What are your impressions of Wyoming, and who wins? All I know is what the numbers tell me – they’re not favored by a fast pace, but they seem to be pretty tough defensively. Doesn’t look like they’re a very good rebounding team, either, which could work in WSU’s favor. But I haven’t seen them play this year. I think WSU takes it.

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Could you give us a quick synopsis of Wyoming’s season, in terms of pre-season expectations and how they progressed compared to that? There were not a lot of expectations heading into the season after the team won 10 games in each of the last two seasons. Fans liked the fact Wyoming hired Larry Shyatt as its coach. He was at Wyoming for one season in 1997-98 and led the team to 19 wins and a NIT appearance before he left for Clemson. The team was picked to finish sixth in the preseason. The team bought into Shyatt’s system and it used a soft non-conference schedule to bank some wins and gain confidence. The Cowboys played well early in conference play, and even though it struggled at the end of the season a solid foundation is in place. Their motto is ADU: Aggressivness, Discpline, Unselfish. For the most part, this team does that night in and night out.

Leonard Washington is a name WSU fans might recognize. How did he decide on Wyoming, and how does he impact the game? He  was recruited by the prior coaching staff. He’s a small-town kind of guy from Louisiana and I think just didn’t fit in well in the hustle-and-bustle of Los Angeles. With everything that happened at USC he needed a fresh start and Laramie was a good place: quiet and unassuming. Washington has thrived here and has fit in well, and gives Wyoming a player with a lot of athleticism and ability.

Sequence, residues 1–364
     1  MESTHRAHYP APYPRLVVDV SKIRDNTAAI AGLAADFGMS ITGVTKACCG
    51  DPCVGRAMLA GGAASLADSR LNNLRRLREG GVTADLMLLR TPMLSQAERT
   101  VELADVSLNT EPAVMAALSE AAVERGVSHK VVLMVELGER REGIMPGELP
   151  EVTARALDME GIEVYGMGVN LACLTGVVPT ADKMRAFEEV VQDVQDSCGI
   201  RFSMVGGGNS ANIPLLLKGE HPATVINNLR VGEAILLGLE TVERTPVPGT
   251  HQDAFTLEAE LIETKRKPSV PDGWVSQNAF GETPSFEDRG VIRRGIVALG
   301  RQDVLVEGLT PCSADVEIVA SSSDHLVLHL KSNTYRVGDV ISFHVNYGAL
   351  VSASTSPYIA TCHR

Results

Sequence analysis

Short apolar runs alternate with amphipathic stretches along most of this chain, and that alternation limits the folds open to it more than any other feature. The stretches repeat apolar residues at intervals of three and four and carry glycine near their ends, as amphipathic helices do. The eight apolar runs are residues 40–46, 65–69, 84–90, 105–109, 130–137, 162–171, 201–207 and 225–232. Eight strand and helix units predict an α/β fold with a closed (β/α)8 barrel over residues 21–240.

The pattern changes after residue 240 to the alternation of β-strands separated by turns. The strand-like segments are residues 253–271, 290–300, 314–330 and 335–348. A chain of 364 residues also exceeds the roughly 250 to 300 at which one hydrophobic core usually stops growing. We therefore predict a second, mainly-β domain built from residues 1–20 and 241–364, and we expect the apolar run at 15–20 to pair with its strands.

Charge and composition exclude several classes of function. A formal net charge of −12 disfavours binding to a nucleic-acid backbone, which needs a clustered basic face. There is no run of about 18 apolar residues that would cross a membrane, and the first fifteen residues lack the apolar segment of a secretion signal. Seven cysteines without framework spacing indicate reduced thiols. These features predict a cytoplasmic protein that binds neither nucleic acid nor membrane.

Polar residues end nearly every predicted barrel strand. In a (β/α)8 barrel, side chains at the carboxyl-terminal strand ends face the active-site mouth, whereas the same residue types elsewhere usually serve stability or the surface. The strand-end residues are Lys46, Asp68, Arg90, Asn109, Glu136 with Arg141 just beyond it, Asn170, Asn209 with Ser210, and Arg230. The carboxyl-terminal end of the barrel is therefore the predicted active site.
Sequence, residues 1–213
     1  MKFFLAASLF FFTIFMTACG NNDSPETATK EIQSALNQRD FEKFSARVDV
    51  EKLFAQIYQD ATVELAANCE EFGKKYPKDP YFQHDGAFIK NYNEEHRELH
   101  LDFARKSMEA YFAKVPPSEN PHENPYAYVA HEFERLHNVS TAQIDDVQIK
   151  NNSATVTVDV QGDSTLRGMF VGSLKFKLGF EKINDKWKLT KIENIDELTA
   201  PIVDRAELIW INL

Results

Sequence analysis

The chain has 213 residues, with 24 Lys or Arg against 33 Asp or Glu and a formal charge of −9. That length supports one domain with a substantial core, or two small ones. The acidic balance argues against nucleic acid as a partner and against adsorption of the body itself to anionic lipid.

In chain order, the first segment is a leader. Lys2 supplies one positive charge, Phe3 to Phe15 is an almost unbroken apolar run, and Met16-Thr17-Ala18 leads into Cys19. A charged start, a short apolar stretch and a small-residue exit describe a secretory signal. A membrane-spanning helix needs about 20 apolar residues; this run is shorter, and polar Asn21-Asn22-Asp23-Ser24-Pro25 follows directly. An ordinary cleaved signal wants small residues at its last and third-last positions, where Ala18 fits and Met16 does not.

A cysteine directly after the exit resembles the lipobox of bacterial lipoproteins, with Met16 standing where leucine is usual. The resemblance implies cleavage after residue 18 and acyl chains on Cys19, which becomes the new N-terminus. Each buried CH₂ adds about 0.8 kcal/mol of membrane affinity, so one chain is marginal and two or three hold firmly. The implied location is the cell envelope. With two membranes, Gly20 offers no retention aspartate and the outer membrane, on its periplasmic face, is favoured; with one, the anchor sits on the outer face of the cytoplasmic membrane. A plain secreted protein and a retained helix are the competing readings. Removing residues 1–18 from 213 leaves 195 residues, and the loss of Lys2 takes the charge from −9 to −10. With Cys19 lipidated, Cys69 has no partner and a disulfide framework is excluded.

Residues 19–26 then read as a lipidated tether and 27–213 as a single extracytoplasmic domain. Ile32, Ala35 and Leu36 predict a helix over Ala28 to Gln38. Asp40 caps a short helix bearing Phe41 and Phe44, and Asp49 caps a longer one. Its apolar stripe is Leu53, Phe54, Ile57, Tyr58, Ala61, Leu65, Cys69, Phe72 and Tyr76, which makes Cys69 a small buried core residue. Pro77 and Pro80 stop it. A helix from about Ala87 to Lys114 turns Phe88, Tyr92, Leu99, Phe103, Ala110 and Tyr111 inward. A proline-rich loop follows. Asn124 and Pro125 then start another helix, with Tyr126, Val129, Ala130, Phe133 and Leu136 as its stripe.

Are the Cowboys excited to be playing in this tournament? At first there was some disappointment they didn’t make the NIT. But I do think this team is happy to still be playing. They didn’t play that well in their first-round CBI game against North Dakota State defensively and also committed 17 turnovers. But Wyoming won so I think the more they win the more they want to see what it can do in this tournament.

What has Wyoming done well this season? Play defense. It has been one of the best scoring defenses all season, and the 78 points it allowed against North Dakota State was a season-high. It also has done a good job of dictating pace and limiting possessions. When it does well offensively, Washington and senior center Adam Waddell score inside which opens up shooting lanes along the perimeter for guards Francisco Cruz and Luke Martinez.

What would you say is their biggest weakness? Depth is one. Wyoming plays about eight guys and any production off the bench is a plus. Wyoming isn’t the most dynamic of offensive teams and has to work real hard to get good shots. That’s OK, but there are not a lot of guys that can create their own shots.